Le Calvaire is much more than the Calvary, though that is clearly the centre-piece. The first Calvary was built in 1709-10 by the people of this area, following the preaching of St Louis Marie during the mission of Pontchâteau. Some of his enemies persuaded King Louis XIV that, at that time of war, the hill which had been raised could be used as a fortified encampment by English sailors in case of an invasion. The King ordered the destruction of the Calvary (for the details see, for example, Le Crom). It was rebuilt in 1821, by the Abbé Gouray, parish priest of Pontchâteau, whose tomb can be seen at the side of the chapel at the foot of the Calvary, and modified again some 40 years later. Thirty or so sites or monuments were erected at the end of the 19th century and the beginning of the 20th, largely through the zeal of Fr. Barré, whose tomb can be found on the site. [For a fuller history of the Calvary, see the Appendix here]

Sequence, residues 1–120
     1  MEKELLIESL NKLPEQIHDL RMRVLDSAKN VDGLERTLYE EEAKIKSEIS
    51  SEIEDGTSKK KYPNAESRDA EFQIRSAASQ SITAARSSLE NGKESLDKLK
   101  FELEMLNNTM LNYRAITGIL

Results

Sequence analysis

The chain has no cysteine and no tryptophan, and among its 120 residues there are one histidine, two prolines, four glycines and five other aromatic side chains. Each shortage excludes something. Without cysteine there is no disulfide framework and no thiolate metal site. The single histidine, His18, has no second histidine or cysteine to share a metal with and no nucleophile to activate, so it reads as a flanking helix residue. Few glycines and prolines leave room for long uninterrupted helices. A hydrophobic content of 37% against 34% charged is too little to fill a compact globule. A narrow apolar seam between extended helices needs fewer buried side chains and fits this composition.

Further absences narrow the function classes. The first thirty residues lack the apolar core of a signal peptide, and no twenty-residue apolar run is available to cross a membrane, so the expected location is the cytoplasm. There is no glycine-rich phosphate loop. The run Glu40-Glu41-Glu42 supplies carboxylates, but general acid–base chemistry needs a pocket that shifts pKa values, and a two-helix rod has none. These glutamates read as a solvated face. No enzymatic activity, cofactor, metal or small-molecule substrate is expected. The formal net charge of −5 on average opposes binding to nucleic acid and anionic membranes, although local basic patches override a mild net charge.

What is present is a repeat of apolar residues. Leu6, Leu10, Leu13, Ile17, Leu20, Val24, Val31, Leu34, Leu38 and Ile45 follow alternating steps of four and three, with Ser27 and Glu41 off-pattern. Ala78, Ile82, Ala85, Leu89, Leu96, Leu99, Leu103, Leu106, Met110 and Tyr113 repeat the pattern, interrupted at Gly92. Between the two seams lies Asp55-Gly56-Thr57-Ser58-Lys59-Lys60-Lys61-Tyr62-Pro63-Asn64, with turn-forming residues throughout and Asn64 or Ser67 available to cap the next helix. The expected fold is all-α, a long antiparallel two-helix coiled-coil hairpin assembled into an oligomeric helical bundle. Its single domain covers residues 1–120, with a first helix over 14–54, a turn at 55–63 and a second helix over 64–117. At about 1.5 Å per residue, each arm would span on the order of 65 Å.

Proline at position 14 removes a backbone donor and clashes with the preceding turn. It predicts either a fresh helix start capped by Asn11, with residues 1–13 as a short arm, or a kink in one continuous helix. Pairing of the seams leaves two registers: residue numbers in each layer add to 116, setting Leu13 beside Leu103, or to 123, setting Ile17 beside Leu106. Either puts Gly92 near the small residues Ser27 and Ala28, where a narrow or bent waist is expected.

Today the site is probably much more ambitious than even St Louis Marie had imagined it, but very much in his spirit, combining popular but solid devotion with a catechesis which involves much visual display (frescoes, dramatic reconstructions, displays of scripture texts, etc.). All the mysteries of the Rosary are represented, as well as the Way of the Cross.
A leaflet in English can be obtained, either from the little information centre next to the chapel at the foot of the Calvary, or (if that is closed), from the Montfortian Community house opposite the big Pilgrimage Chapel, the Museum, or the Sisters' house. It contains a plan of the site and a suggested route taking in all the different sites and monuments.